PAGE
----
Governments can be effective at creating the conditions- good schools and infrastructure – for economic growth. But politicians and bureaucrats, either state or federal, aren’t so good at picking winners and losers in the free marketplace.
You only have to jump on one of those government-subsidized commuter rails to Boston to see how smart job growth works. Remember that Massachusetts Gov. Deval Patrick raised sales taxes to support schools ( those Massachusetts teachers are also union members) and communities when Rhode Island’s Governor Carcieri was cutting taxes for the rich and slashing aid to communities and URI..
Now, the Massachusetts unemployment rate is about 6 percent and Rhode Island’s is more than 11 percent. Education is the fulcrum to economic success is the global, knowledge-based economy. These investments have paid off; a 2011 report shows that the Bay State has the highest per capita venture capital, patents and technology licensing of 10 leading high-technology states. And Massachusetts has the second-highest per capita personal income among the 50 states.
And let’s not forget which state passed on the Schilling deal because it was too risky an investment for taxpayers and which rube state gave him the money. Patrick is a smart, liberal Democrat with a 61 percent approval rating. And yes, Bishop Thomas Tobin, Massachusetts was the first state to embrace same-sex marriage. The result: Massachusetts, the nation’s most Roman Catholic state, also has the lowest, or one of the lowest, heterosexual divorce rates among states. So much for marriage equality undermining traditional marriage.
Massachusetts political history is littered with as many rouges, florid pols, petty corruption and ethnic rivalry as Rhode Island. The Bay State has talk show idiots. Yet, Boston is much more of a what-you-know city than Providence, where all too often it is all about who you know.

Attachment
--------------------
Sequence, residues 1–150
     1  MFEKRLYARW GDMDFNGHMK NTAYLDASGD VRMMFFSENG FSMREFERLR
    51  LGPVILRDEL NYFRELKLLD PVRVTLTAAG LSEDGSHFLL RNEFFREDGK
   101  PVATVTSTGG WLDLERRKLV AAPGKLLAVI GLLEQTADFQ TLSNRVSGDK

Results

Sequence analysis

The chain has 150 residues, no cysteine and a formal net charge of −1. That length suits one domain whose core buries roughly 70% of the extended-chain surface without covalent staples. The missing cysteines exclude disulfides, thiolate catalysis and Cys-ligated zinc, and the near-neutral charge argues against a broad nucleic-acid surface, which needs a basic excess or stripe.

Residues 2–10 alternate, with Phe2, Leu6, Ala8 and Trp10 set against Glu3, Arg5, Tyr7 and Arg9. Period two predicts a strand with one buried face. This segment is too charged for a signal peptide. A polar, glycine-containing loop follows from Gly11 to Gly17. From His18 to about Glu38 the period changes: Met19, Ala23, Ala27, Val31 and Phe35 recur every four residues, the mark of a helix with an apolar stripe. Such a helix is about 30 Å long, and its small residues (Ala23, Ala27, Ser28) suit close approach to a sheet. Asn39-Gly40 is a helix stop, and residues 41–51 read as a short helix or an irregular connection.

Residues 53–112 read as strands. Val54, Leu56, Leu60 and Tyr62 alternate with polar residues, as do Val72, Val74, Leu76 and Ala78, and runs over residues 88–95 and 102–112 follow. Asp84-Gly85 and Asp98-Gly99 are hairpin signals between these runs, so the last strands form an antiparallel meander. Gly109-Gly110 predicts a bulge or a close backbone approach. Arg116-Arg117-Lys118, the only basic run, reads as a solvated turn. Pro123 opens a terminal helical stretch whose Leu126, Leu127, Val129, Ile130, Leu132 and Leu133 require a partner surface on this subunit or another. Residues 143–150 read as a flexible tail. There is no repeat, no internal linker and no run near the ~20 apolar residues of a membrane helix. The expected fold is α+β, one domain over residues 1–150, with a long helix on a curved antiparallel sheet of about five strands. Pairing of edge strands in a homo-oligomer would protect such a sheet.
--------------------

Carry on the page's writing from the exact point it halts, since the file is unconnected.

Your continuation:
It’s time for Governor Lincoln Chafee and our business and educational leaders to stop traveling to Pittsburgh and Texas to view how economic development investments work. Boston is a lot closer. They could even take in a game at Schilling’s old stage, the emerald lawn at Fenway.
Boston is trying very hard to keep the well-educated young from leaving the state. For example, the Greater Boston Chamber of Commerce last year started a website for members to list internships. The Massachusetts Life Sciences Center, a quasi-public agency, pays interns a $7,200 stipend and places them at small companies that might not otherwise be able to recruit or afford them, according to the Boston Globe. Why don’t we do this in Rhode Island?
Rhode Islanders would be approvingly startled if our state embraced the investment model of economic development instead of the cronyism model. Why not try it at McKim, Mead and White’s majestic State House?
This we know: Whatever we have been doing, it isn’t working.
It’s well past the time for Rhode Island politicians to heed the words of that great philosopher Sam Clemens. “Do the right thing. It will gratify some people and astonish the rest.’’
Scott MacKay’s commentary can be heard every Monday on Morning Edition at 6:40 and 8:40. You can also follow his political reporting and analysis at the `On Politics’ blog at RIPR.org